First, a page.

State news

Lawmakers returning to vote on absentee ballot, police bills

HARTFORD, Conn. (AP) —  Connecticut Gov. Ned Lamont said Tuesday the state’s COVID-19 infection rate is currently low enough for the General Assembly to return for a special legislative session to consider a limited number of bills, including one allowing more people to vote by absentee in the November general election.

The Democrat, who spoke with Democratic and Republican legislative leaders earlier in the day, said the tentative plan is to consider four bills. Besides expanding the eligibility for using absentee ballots, just for the upcoming election because of the pandemic, Lamont said they agreed to take up legislation concerning police accountability, insurance coverage for tele-health services and a cap on the price of insulin.

“Assuming we can get agreement in principle on what those bills are going to be, I’m going to issue the call for the special session on Friday,” Lamont said. Lawmakers, who acknowledged the details of the bills are still being worked out, are expected to vote sometime before the end of January.

Lamont said it will be up to the House of Representatives and Senate to decide how they plan to hold hearings — tentatively virtually — and votes in a safe manner, given the continuing pandemic. The two bodies are not expected to return to the Capitol on the same day in order to reduce the number of people in attendance.

A spokesman for the House Democrats said the Judiciary Committee may hold an online informational hearing Friday on the police accountability bill while other hearings are planned tentatively for early next week. A vote by the House could potentially be held later in the week, with the Senate to follow. Legislative leaders have been considering whether to have House members vote remotely in their offices while senators might vote in small groups in the Senate chamber.

“Both the House and Senate will be taking a number of measures to protect legislators and staff during debates and votes in the special session,” legislative leaders said in a joint written statement.

Lamont already used his executive authority under the state’s public health emergency to lift restrictions on absentee ballots and allowed any eligible, registered Democrat or Republican to use them in the upcoming Aug. 11 primary. But Lamont’s authority expires in September, before the general election, so he asked lawmakers to pass legislation lifting the restrictions in November as well.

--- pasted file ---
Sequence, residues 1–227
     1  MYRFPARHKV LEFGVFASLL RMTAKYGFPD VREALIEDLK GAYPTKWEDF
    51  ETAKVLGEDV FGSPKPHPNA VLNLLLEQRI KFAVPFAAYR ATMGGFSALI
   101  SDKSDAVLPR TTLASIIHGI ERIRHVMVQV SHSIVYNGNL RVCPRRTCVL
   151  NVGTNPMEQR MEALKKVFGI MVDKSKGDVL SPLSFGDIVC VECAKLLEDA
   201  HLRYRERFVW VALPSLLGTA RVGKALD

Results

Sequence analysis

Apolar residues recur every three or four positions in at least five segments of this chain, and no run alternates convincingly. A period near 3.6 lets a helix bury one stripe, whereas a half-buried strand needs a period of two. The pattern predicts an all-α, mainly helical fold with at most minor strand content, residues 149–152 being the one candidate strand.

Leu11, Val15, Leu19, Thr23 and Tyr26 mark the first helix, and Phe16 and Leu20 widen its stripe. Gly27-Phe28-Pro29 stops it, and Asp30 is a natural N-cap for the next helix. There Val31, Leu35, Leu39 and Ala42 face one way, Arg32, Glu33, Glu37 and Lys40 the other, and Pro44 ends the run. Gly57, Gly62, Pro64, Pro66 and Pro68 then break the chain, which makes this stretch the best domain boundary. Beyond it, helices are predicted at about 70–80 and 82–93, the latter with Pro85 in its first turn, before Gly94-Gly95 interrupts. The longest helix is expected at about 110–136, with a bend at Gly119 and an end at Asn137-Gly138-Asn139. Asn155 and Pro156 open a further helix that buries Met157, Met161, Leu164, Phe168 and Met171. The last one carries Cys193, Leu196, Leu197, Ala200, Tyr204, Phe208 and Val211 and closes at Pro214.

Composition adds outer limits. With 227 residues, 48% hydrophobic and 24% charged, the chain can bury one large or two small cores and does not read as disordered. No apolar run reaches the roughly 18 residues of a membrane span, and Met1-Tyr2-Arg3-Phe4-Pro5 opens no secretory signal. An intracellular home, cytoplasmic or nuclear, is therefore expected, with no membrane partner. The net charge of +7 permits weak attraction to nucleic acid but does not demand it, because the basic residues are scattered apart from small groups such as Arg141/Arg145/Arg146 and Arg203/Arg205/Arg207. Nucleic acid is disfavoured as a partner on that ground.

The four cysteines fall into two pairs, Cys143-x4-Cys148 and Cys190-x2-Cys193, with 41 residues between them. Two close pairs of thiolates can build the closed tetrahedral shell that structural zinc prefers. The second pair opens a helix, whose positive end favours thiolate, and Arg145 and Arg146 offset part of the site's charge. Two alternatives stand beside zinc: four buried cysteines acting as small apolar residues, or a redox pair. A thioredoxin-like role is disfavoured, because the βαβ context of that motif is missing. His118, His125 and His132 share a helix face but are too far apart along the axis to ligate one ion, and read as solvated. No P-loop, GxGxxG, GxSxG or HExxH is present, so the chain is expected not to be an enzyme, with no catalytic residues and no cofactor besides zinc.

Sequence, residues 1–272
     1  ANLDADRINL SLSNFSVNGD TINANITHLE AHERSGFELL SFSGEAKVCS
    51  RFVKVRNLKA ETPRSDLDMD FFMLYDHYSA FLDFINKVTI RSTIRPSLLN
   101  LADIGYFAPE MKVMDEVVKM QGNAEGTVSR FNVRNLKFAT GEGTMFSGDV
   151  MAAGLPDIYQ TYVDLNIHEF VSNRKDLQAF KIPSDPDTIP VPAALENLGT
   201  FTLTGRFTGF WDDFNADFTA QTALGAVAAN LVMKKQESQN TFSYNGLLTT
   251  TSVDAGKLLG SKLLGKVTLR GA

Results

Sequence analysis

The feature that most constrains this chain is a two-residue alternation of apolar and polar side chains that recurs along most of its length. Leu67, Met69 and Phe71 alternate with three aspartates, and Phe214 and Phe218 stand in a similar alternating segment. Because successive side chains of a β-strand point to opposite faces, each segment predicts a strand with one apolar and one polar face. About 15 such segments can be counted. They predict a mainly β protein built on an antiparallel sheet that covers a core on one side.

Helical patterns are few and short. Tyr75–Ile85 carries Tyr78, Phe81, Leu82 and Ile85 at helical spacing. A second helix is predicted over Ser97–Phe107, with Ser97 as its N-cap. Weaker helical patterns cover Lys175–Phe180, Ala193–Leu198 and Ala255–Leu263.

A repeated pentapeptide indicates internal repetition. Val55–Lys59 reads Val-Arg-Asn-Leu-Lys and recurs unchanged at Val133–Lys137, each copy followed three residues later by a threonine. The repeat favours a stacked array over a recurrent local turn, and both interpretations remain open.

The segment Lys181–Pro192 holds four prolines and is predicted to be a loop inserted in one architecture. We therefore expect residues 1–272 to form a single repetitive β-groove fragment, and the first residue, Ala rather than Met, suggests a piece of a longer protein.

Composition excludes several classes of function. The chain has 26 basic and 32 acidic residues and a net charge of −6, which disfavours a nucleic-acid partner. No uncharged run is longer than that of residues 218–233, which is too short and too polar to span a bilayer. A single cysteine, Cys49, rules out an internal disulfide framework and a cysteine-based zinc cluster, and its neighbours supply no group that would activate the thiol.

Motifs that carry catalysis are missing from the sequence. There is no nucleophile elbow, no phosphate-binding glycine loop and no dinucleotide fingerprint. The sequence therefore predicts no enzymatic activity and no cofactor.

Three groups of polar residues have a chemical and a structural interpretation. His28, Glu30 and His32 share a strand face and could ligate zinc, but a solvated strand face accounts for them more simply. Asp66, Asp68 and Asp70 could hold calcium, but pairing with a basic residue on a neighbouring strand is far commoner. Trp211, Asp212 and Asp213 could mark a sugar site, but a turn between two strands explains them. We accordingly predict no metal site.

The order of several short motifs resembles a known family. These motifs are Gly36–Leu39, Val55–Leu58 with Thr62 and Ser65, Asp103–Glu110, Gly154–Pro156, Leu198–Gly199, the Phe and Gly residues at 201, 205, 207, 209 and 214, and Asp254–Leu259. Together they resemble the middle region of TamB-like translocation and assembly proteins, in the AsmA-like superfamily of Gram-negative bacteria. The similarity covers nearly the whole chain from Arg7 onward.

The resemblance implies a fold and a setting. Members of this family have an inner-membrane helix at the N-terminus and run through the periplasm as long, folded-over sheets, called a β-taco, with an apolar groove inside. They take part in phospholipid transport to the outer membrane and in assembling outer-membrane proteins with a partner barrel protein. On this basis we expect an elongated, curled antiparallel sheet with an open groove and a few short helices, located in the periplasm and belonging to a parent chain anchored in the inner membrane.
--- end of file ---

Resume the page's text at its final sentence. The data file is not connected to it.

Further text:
“We don’t know what the COVID epidemic is going to look like, but assuming COVID is still with us, this would be a COVID-related opportunity to have absentee balloting so you can vote safely,” Lamont said.

Some Republicans, however, have raised concerns about the ballots. Senate GOP Leader Len Fasano said he has “no problem with expanding absentee voting excuses to include the COVID-19 pandemic,” but he is worried that a small percentage of ballot applications for the primary sent in the mail by Secretary of the State Denise Merrill’s office were undeliverable, creating the potential for fraud.

The state GOP announced this week it is launching a Ballot Integrity Alert System to let citizens report suspicious election activity, dead voters, old or inaccurate information. Merrill has said 8% of applications came back to her office, which her office contends is below the average 15% for election mailings in the U.S.

As of Tuesday, there have been more than 47,500 confirmed cases of COVID-19 in Connecticut, an increase of 30 since Monday. That number, however, does not include results from several of the largest testing laboratories due to a network connectivity problem.

Meanwhile, the number of COVID-associated deaths in Connecticut is now 4,372, an increase of one person since Monday. Hospitalizations declined by eight, to a total of 66 patients. Lamont said the state’s infection rate continues to be less than 1%.


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